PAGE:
Prognathism (protrusion of the lower jaw): What's it, causes, symptoms, diagnostics, treatment, prevention

Prognathism; Extended chin; Underbite

What is prognathism?

Prognathism is the expansion or protrusion of the lower jaw (mandibles). It happens, when teeth are misaligned due to the shape of the facial bones. It may be a genetic disease or the result of such factors., like an injury, disease.

Causes of prognathism

Prognathism may be caused by genetic factors, injuries, illness or birth injury.

  • Genetic factors. Prognathism is often hereditary, passed down from generation to generation. It can also be caused by genetic syndromes, including Cruson's syndrome, Apert's syndrome and clavicle-cranial dysplasia.
  • Trauma. Prognathism can also be caused by trauma to the jaw or head.. It is often seen after a car accident or sports injury..
  • Disease. Prognathism is associated with some diseases, such as Ehlers-Danlos syndrome, phenylketonuria, diabetes, hypoparathyroidism and endocrine disorders.
  • Birth injury. Prognathia can be caused by trauma during childbirth.

Symptoms of prognathism

The most common sign of prognathism is a protruding lower jaw and chin.. Other symptoms may include:

  • Prominent chin.
  • Malocclusion, in which the upper teeth protrude beyond the lower.
  • Bone prominence along the midline of the jaw.
  • Facial asymmetry
  • Crowding of teeth
  • Difficulty chewing or speaking words clearly
  • Facial pain or discomfort

When to see a doctor

If you notice any symptoms of prognathism, you should see a doctor. They can assess your condition and recommend a course of treatment..

Questions, that your doctor may ask

When meeting with your doctor, he may ask you a few questions, to determine the cause and the best course of treatment. These questions may include:

  • When did you first notice the symptoms of prognathism??
  • Do you have family members with similar symptoms?
  • Have you had an injury or injury to your jaw or head?
  • Do you have other health problems?
  • Are you experiencing any pain or discomfort due to your symptoms??

Diagnosis of prognathism

Your health care provider may perform several tests to diagnose the condition and determine the best course of treatment.. These tests may include:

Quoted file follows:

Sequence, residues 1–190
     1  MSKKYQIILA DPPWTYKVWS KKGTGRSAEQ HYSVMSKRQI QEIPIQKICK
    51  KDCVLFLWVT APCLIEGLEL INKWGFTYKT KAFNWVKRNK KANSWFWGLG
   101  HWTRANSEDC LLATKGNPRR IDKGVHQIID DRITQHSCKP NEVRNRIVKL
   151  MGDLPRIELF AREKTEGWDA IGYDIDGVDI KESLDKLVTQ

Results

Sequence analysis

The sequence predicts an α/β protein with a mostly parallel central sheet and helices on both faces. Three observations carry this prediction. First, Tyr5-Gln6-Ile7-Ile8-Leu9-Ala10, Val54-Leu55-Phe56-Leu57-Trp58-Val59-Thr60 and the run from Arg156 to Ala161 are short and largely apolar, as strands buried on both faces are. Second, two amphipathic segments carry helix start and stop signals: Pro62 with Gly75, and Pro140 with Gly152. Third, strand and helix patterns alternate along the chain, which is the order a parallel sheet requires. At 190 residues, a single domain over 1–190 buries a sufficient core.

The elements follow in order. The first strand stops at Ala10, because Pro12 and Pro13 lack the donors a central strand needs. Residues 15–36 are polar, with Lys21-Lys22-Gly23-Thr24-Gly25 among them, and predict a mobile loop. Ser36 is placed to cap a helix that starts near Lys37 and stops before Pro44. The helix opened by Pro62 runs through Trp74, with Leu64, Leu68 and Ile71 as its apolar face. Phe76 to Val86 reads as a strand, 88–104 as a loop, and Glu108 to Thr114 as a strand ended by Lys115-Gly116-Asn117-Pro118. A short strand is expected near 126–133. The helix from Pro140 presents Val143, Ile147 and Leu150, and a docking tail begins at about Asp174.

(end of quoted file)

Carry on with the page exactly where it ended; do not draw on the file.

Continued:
• X-ray of the jaw and neck to determine the size and shape of the jawbone.
  • Computed tomography to assess the jaw joint.
  • Disease history, to determine, whether injury or illness can cause the condition.
  • Physical examination to assess facial asymmetry and jaw alignment.
  • Genetic testing, to determine, whether a genetic disease is the cause of the disease.

Treatment of prognathism

Treatment for prognathia will depend on the cause., the severity of the condition and the age of the patient. In some cases, treatment may not be required. In other cases, treatment may include:

  • Braces. Braces are often used to correct the position of the teeth and jaw..
  • Operation. In some cases, surgery may be required to reshape the jaw.
  • Physiotherapy. Physiotherapy can be used to improve facial symmetry and jaw alignment.
  • Medicines. In some cases, medications may be prescribed, to relieve pain and discomfort, associated with prognathism.

Home treatment for prognathia

If you have been diagnosed with prognathism, there are several home treatment options, which you can use, to manage symptoms. These may include:

  • Using over-the-counter pain relievers as needed, to deal with any pain or discomfort.
  • Applying hot and cold compresses to reduce inflammation and pain.
  • Using a mouthguard during sports or high impact activities to protect the jaw.
  • Doing Facial Exercises, helping to improve the symmetry of the face and the correct position of the jaws.
  • Place soft foods in a blender or food processor, to make them easier to chew.

Prevention of prognathism

Prognosis is not always preventable, as it is often caused by genetic factors or trauma. Nonetheless, there are several steps, you can take, to reduce the risk. These include:

  • Wear a hat, to protect teeth and jaw, when you play contact sports or engage in vigorous activities.
  • Know your family's medical history. If you have a family history of genetic syndromes, which can cause prognosis, be aware of the risks.
  • Maintain proper oral hygiene. It may help prevent infections and other diseases., which can lead to rupture.
  • Take precautions during childbirth. Check, that your doctor is aware of any medical history, which may increase the risk of prognathism.

Used sources and literature

Dhar V. Malocclusion. In: Kliegman RM, St. Geme JW, Bloom NJ, Shah SS, Tasker RC, Wilson KM, eds. Nelson Textbook of Pediatrics. 21st ed. Philadelphia, PA: Elsevier; 2020:chap 335.

Goldstein JA, Baker SB. Cleft and craniofacial orthognathic surgery. In: Rodriguez ED, Losee IS, Neligan PC, eds. Plastic Surgery: Volume 3: Craniofacial, Head and Neck Surgery and Pediatric Plastic Surgery. 4th ed. Philadelphia, PA: Elsevier; 2018:chap 28.

Koroluk LD. Adolescent patients. In: Stefanac SJ, Nesbit SP, eds. Diagnosis and Treatment Planning in Dentistry. 3rd ed. St Louis, MO: Elsevier; 2017:chap 16.

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